To be clear and avoid any confusion, in 2020, Vortex introduced another Strike Eagle scope model in a 5-25×56 configuration. As this model is designed for long-range shooting, it’s a first focal plane (FFP) model.

Side Focus

When it comes to adjusting the focus or parallax adjustment on a scope, there are usually two types of adjustment positions on riflescopes:

  • Adjustable objective
  • Side Focus

With an adjustable objective, the scope focus or parallax is adjusted by turning the objective unit. With a side focus feature, the side focus adjustment knob is mounted on the left side of the scope where the turrets are located.

I own and use riflescopes with adjustable objectives and side focus. Between the two specific positions, I prefer the side focus option as I find it easier to adjust without coming out of the scope. Technically speaking, one can adjust an adjustable objective without leaving the scope as well, but I find it to be more difficult.

The adjustable objective design is becoming less common as more and more scope makers are switching over to the side focus design.

This 4-24 Vortex Strike Eagle scope is equipped with a side focus feature that also has an integrated illumination power control built-in.

The side focus on this model can be a bit difficult to turn when it’s brand new, but it loosens up with use.

Parallax Range

Technically, parallax and side focus is basically the same function, but I listed parallax as a separate topic because I wanted to focus on the parallax distance or range.

Any scope with an adjustable parallax or focus option will have a minimum distance that they can focus down to; this distance is usually measured in yards. They will also have a maximum distance for focus, and most scopes use infinity as the max focus distance.

This 4-24 Vortex scope is built with a parallax that will adjust down to 20 yards. While that may not seem beneficial to some shooters, it can be incredibly helpful when shooting at targets at distances of 50 yards or closer.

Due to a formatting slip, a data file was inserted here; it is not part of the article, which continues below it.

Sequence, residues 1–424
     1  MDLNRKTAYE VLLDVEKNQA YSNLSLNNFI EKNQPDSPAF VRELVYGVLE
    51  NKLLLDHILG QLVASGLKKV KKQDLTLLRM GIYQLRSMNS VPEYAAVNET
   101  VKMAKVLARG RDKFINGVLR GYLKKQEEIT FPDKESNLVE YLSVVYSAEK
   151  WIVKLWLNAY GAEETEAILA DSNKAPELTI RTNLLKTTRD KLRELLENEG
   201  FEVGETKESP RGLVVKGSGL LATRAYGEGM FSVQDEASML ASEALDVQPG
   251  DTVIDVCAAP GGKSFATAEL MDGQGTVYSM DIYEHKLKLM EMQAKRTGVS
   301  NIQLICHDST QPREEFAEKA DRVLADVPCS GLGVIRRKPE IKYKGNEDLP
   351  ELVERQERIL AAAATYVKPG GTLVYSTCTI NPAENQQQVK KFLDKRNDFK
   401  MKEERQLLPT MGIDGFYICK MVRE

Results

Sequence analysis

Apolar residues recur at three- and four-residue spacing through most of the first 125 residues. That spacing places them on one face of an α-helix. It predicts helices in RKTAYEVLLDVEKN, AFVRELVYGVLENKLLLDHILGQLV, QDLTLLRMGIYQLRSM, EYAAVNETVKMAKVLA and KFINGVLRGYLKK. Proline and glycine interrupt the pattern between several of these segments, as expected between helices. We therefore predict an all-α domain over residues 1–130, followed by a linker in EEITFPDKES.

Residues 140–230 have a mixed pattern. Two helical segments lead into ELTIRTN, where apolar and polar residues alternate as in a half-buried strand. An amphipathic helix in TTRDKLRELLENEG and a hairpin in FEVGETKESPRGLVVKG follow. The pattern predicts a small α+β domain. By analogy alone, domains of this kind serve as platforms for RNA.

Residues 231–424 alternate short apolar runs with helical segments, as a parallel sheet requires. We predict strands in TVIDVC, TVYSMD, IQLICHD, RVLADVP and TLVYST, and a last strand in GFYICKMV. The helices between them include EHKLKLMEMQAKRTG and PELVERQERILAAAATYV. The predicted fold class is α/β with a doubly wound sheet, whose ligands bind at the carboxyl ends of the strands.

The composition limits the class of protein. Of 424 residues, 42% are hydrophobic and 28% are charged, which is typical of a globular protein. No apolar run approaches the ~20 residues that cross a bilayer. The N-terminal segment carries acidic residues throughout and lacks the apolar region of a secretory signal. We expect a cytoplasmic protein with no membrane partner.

This side focus setting allows the shooter to adjust the scope focus at a target as close as 20 yards. Of course, if you’re shooting at targets at longer distances, that feature may not be helpful. But, if you’re using the scope for hunting purposes, it can be invaluable. This short-range parallax is especially helpful in situations where a game target shows up at close range.

I run one of these 4-24 Strike Eagle scopes on a 22LR rifle set up for squirrel hunting. I find the short minimum focusing capability very helpful when a squirrel pops up on a log 30 yards away. Then, before taking the shot, I can adjust the side focus down until the squirrel is nice and clear in the glass.

Operational Controls

Operational controls is a fancy word for buttons and knobs on the scope. While some of the controls, like the power adjustment ring and the side focus adjustment, are initially tight, they loosen up with time and become smooth as butter.

The turrets move smoothly and feature an audible and tactile click, so it’s very easy to see, hear, and feel the turret adjustments, and I like that. I’m not a fan of mushy turrets that don’t produce any noise as they are being adjusted.

If I had one complaint with the controls, it would be the size of the text distance markings on the side focus. They are a bit small and can be challenging to read for a guy like me with bad vision. However, it doesn’t take long to learn the focus positions. These days, I can turn the side focus to a specific distance without even looking at the adjustment knob.